to decide if a person can end their life. ose with a disease should be able to decide if they want to end their life. In assisted suicide, the means to end a patient’s life must be administered by the patients themselves. Many doctors feel uncomfortable taking a person’s life, even if the person has a terminal disease and requests it. In this moral and ethical dilemma, assisted suicide takes the pressure off doctors and leaves the decision solely to the patient. However, what if the pa-

tient, like Nicklinson, cannot administer the drug himself? In those cases in which patients are unable to move, the doctor should administer the drug. According to ProCon. org, one reason against euthanasia is that doctors have made an oath to keep patients alive. Opponents also claim that euthanasia and assisted

suicide could someday lead to the murder of perfectly normal human beings based on economic standing or disability. Yes, doctors should normally do everything in their

power to keep their patients alive. But how does a doctor, who has no cure for a disease, keep a patient alive when they will eventually die? Sure, they can make patients comfortable and allow them to live long enough to say goodbye, settle their affairs or cross that one last thing off their bucket list. But eventually, they will die. So what’s wrong with helping someone speed along that process in order to save them from the experience of having their once strong and healthy body deteriorate slowly and painfully? Personally, I hope I never have to experience watching my hands slowly lose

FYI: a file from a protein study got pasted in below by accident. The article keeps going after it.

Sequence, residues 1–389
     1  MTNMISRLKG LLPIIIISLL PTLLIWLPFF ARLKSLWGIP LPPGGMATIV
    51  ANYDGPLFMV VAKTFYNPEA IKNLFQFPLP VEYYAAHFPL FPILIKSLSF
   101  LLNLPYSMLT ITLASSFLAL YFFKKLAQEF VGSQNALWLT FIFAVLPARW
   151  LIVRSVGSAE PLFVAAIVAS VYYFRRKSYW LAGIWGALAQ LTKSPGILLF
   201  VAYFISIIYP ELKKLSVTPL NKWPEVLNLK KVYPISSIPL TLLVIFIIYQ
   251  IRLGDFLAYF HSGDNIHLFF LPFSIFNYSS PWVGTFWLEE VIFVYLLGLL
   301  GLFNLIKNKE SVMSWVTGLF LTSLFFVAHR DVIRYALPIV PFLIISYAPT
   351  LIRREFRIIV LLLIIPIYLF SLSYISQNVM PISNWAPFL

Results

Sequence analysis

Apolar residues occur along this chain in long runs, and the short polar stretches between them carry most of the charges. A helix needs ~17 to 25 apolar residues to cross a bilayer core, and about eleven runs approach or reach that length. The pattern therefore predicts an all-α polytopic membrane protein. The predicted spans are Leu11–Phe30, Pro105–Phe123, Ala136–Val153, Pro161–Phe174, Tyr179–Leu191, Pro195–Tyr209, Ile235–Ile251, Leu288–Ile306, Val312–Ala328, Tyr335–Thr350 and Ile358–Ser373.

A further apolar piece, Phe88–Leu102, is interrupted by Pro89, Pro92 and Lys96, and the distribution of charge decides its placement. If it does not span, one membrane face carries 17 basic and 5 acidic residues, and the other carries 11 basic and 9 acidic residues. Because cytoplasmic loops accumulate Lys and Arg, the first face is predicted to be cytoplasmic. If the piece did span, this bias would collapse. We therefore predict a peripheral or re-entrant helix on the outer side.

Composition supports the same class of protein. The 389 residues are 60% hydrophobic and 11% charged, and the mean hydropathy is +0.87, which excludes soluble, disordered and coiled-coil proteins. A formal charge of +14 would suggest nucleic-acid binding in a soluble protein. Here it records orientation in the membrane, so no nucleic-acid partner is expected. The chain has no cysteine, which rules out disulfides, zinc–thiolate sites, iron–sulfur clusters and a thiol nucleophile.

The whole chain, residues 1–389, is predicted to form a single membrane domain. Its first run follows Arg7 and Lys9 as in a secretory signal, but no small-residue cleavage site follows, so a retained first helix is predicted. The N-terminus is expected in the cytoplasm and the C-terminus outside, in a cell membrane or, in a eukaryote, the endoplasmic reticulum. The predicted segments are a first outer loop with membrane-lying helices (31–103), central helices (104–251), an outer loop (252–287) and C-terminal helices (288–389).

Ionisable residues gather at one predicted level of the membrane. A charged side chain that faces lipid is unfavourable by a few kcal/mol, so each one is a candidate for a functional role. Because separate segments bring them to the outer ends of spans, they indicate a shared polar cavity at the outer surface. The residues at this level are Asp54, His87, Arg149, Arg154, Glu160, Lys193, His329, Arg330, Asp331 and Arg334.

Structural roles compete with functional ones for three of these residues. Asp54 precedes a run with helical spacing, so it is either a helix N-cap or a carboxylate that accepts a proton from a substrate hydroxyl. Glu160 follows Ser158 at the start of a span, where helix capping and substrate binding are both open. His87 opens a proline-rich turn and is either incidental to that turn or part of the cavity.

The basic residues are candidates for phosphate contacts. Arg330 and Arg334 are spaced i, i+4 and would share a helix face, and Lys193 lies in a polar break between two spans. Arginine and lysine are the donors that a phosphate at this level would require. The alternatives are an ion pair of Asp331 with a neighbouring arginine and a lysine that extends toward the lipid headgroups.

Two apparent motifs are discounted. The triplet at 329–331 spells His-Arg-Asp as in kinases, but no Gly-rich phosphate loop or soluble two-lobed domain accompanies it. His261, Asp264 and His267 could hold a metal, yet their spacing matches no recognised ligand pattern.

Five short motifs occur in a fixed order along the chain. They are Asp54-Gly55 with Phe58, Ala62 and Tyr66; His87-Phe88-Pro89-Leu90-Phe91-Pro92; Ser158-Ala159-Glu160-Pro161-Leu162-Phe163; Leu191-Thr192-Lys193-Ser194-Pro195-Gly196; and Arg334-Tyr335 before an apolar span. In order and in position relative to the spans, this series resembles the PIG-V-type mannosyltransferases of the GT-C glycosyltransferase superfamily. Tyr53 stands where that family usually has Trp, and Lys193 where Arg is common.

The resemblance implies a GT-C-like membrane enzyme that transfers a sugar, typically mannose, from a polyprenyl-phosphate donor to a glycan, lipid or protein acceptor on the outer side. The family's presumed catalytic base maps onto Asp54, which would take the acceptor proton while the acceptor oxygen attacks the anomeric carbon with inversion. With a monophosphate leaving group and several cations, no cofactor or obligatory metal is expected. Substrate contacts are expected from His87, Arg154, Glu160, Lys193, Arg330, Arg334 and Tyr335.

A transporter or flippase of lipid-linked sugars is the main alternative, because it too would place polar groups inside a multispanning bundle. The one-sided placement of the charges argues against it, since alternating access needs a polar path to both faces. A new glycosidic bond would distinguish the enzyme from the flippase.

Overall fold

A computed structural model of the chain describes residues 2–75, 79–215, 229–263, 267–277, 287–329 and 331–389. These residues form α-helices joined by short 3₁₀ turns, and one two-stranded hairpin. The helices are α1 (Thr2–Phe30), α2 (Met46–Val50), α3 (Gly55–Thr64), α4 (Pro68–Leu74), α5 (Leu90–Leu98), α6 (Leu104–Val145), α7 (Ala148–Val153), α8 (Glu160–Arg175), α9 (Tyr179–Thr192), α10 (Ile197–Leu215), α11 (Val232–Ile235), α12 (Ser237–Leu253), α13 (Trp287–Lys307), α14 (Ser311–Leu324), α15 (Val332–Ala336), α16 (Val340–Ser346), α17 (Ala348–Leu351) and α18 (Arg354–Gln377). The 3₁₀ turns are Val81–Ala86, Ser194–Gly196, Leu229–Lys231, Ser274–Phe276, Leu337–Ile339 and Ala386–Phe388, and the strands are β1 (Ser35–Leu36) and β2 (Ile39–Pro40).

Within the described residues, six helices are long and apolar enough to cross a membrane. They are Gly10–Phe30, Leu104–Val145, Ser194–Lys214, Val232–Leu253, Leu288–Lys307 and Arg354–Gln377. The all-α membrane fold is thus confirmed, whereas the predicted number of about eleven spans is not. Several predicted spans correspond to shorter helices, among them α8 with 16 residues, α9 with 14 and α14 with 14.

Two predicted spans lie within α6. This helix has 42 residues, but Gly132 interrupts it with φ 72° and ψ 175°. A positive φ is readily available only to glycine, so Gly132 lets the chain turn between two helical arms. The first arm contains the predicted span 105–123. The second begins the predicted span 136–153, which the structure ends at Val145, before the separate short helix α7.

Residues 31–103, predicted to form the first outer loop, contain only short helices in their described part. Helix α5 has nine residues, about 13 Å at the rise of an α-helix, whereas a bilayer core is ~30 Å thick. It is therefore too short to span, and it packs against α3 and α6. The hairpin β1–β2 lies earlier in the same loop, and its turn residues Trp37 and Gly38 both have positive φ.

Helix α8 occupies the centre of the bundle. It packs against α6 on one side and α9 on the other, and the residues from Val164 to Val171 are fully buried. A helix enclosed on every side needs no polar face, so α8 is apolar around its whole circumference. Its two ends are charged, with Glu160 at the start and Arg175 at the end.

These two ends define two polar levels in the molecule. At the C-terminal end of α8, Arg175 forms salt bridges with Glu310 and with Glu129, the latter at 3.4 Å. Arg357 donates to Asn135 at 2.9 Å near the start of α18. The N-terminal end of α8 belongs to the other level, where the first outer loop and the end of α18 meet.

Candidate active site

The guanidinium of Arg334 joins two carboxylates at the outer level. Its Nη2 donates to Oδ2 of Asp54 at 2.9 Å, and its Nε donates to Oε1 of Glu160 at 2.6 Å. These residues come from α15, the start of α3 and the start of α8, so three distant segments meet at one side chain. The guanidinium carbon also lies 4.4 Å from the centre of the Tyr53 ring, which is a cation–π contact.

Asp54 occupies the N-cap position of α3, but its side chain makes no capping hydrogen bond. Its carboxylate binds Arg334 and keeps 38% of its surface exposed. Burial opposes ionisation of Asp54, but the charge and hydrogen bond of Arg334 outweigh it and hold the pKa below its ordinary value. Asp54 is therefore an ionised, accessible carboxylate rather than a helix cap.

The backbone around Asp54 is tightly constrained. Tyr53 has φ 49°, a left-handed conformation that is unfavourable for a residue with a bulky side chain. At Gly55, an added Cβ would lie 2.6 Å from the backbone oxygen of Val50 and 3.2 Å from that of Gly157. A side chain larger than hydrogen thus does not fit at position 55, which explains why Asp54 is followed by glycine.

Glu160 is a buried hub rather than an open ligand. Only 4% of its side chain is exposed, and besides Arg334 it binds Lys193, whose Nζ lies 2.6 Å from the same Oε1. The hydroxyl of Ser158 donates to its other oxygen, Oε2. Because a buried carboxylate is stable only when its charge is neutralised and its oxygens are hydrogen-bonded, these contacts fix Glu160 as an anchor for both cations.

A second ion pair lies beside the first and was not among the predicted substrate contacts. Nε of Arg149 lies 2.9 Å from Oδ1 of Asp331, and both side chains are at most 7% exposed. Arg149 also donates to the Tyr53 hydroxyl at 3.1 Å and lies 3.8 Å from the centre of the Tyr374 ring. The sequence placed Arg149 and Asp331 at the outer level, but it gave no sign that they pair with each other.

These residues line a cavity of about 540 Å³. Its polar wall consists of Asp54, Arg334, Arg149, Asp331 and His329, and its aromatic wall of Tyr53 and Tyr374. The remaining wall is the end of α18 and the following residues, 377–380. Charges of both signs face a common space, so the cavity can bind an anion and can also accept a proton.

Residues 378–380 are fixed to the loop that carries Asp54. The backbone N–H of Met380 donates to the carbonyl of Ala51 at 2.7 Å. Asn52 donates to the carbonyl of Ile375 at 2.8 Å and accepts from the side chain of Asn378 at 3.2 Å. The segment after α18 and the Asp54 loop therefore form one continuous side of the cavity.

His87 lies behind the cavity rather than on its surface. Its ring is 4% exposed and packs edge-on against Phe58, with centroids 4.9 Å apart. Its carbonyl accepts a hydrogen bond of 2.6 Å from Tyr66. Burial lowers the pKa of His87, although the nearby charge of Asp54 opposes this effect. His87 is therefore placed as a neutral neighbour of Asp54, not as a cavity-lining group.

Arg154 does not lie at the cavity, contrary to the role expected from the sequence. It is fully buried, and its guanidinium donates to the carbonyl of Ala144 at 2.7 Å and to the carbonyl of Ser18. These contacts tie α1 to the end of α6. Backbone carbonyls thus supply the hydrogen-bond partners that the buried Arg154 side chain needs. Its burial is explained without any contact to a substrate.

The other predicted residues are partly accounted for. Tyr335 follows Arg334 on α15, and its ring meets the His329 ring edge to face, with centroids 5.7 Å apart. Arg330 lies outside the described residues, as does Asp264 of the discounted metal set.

Illustration by Erin Logan

their strength and becoming unsteady or feeling my legs growing weaker by the day until I have to stay in bed because they can longer support me. Or perhaps you would feel the disease slowly shut down every organ in your body until you are painfully hanging onto life. I wouldn’t want this for anyone nor would I want to watch someone I love go through this process. If a person wants a dignified death, then let them have it. I find the claim that euthanasia and assisted suicide will lead to murders of poor and disabled people highly dystopian. Today, both require the patient to be of sound mind and for a witness, such as a family member, to be present when the patient gives their consent. Euthanasia should only be administered when the patient gives consent. If someone wants to live until the very end, of course they should be allowed. I’m sure the patients and their families really appreciate what little time is left and treasure every moment. But if someone is ready to go, let them go. It’s their natural right to decide if and when they should end their life. Life, liberty and property, right? e English court should have granted Nicklinson his case, even though he died a few days later. He had petitioned since January 2012, according to, and in that time he suffered through life as a “nightmare.” If the court had granted his wish, Nicklinson could have ended that nightmare sooner and he wouldn’t have had to be heart-broken upon hearing that his request was denied. For Nicklinson and many others, the decision to end their life should be their own and the law should not impede them. Jeana Lawrence is a sophomore in journalism and English. Please send comments to opinion@kstatecollegian. com.